It seems as though overnight, the words “migrant caravan” have become embedded in the nation’s vocabulary. The term is splashed across television networks’ chyrons and national newspapers. President Donald Trump has raised the ongoing caravan at rallies as a threat to the United States and cited it as a reason for an overhaul of the country’s immigration laws.
But migrant caravans aren’t new—and they’re not going away.
For years, advocacy groups have organized caravans to help those fleeing danger in Central America safely reach the United States, and, in the process, highlight the dangers migrants face in trying to reach the American border. A group called Pueblo Sin Fronteras, which has been organizing caravans since 2008, was behind the group that caught the attention of Trump and other Republicans in March. Trump eventually signed a proclamation to send the National Guard to the border.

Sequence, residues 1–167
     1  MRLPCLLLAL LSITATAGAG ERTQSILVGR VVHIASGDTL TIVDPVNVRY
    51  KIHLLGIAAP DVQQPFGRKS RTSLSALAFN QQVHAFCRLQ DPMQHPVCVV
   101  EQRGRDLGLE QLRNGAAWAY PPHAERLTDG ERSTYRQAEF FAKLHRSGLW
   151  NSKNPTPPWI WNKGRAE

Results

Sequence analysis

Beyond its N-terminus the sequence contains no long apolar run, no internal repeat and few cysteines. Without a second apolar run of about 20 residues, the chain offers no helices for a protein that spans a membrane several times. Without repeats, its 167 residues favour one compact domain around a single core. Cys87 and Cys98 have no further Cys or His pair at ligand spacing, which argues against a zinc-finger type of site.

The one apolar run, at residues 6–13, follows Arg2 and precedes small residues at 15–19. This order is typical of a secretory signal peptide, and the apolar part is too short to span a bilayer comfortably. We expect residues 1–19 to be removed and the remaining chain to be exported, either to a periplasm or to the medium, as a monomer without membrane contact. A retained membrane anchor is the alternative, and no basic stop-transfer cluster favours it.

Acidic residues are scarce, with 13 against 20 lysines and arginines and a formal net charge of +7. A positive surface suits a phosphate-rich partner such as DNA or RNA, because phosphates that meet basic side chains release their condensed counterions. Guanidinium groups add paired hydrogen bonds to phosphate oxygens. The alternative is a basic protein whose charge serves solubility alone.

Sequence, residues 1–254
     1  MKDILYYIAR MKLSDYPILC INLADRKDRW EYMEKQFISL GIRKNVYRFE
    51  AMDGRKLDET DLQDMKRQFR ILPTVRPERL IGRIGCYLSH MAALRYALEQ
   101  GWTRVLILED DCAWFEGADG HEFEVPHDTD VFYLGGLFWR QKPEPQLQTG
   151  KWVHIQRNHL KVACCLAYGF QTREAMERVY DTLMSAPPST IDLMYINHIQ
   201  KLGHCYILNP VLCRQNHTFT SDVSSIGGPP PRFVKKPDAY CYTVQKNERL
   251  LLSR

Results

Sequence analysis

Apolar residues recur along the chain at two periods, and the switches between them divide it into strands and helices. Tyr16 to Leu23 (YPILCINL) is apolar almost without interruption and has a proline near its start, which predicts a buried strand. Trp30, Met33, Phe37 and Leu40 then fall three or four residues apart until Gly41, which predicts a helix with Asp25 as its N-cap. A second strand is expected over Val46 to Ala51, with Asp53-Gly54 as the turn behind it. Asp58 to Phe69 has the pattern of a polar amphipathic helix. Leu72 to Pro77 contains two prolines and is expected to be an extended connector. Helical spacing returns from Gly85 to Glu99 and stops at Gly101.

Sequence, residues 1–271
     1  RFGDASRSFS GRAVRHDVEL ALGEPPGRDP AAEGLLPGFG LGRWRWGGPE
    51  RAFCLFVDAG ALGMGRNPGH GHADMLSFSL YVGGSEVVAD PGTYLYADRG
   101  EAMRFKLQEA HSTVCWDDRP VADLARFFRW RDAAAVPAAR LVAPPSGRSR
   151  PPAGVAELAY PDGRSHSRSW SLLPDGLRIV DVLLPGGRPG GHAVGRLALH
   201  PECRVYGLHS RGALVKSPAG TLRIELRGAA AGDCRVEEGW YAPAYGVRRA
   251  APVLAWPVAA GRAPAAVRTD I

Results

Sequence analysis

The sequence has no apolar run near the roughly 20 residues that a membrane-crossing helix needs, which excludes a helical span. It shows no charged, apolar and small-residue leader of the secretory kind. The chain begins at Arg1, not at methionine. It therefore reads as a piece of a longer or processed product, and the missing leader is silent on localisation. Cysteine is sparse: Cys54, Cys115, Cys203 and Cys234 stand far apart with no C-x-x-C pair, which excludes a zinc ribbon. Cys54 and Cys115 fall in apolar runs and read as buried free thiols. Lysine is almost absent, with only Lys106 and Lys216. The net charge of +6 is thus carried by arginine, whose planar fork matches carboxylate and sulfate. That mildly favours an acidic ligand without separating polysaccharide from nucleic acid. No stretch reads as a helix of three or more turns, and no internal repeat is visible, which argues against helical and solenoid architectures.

What makes the latest venture unique is its apparent spontaneity.
“It appears to have gone viral,” said Maureen Meyer, the director for Mexico and migrant rights at the Washington Office on Latin America, a human-rights advocacy organization. “People who had thought about it then decided this is the time to do it. I don’t think anyone had expected this very unprecedented number of people to be able to travel and gather together so quickly.” In response, Defense Secretary James Mattis is reportedly expecting to send 800 more National Guard troops to the border, where they’d assist Customs and Border Patrol but wouldn’t be involved in migrant apprehension.